This matrix finds an echo in “Redacted from a Know-Your-Rights Training Agenda,” in which an initiative meant to help workers is met by Oka with ambiguity and skepticism. It is not the powerlessness of the trainees that is examined, so much as the necessity to act as an intermediate in a system in which non-profit organizations must palliate the failures of a government to protect its people.
Since the florescent grid of the factory and the vista of small bones in my father’s collar while I was interpreting for the twenty-something-year-old white citizen,
Tell your dad he can quit or I can fire him.
It is a lyrical and brutal illustration of what Frantz Fanon described as colonial power through language, the use of syntax and morphology to support the weight of a civilizing culture—“to convey the master’s orders to their fellows.” This is the dirty truth of tokenism, and Oka has a keen eye for it, but she never condemns the calculations that lead people there. Instead, her writing illuminates kinship, because gaining access to colonial power sometimes means giving your loved ones a fighting chance. In “Driving to York Prison in a Thunderbird,” she relates a friend’s familial vicissitudes with warmth and humor:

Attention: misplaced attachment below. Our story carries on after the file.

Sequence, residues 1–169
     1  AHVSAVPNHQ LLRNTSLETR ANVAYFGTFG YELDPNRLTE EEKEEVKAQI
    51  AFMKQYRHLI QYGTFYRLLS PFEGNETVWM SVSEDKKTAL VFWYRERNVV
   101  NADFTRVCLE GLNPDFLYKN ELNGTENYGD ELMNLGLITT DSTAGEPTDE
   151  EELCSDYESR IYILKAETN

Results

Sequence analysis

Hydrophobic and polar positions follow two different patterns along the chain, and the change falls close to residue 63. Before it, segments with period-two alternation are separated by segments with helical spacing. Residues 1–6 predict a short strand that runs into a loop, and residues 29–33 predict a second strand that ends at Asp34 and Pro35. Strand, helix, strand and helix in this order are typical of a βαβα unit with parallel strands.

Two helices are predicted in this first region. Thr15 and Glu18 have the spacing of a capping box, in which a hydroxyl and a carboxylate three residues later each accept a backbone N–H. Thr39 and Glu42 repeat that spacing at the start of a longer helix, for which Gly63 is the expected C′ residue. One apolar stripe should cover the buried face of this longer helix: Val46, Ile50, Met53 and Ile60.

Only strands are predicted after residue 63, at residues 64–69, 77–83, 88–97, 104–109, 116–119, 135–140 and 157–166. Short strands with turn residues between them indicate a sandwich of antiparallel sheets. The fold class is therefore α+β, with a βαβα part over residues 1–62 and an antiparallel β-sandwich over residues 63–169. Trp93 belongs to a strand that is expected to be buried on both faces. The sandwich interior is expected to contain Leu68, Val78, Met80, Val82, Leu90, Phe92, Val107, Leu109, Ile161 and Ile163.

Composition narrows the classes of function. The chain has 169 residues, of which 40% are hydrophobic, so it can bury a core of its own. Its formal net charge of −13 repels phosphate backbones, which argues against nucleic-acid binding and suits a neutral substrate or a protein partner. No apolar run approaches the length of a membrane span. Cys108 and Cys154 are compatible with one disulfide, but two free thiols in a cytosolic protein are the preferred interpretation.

I’m in the passenger seat, and Henry, whose nephew will
be facing the judge today, is punching the pedal like a god-
like Dr. Who while taking strategic bites of his croissant
so as not to get buttery flakes all over the red leather seat.
In between, he regales me with his early years in America
(he was a banker back home) scrubbing toilets in exchange
for a sushi chef apprenticeship. (He’s a restauranteur now.)
I too, offer tales of sacrifice and survival, because well,
what else do you do while you are being hunted?
The funniest parts of the book, however, are in the four interludes that appear in the collection. The scripted dialogues include aunties refusing to find shelter in what appears to be a horrific catastrophe happening in the background while they continue to chitchat about sex and karaoke; an invisible woman conversing with a disembodied voice while doing groceries; an association of dentists forcing politicians to tell the truth; and, finally, a musically inclined teenager walking away from ghostly apparitions.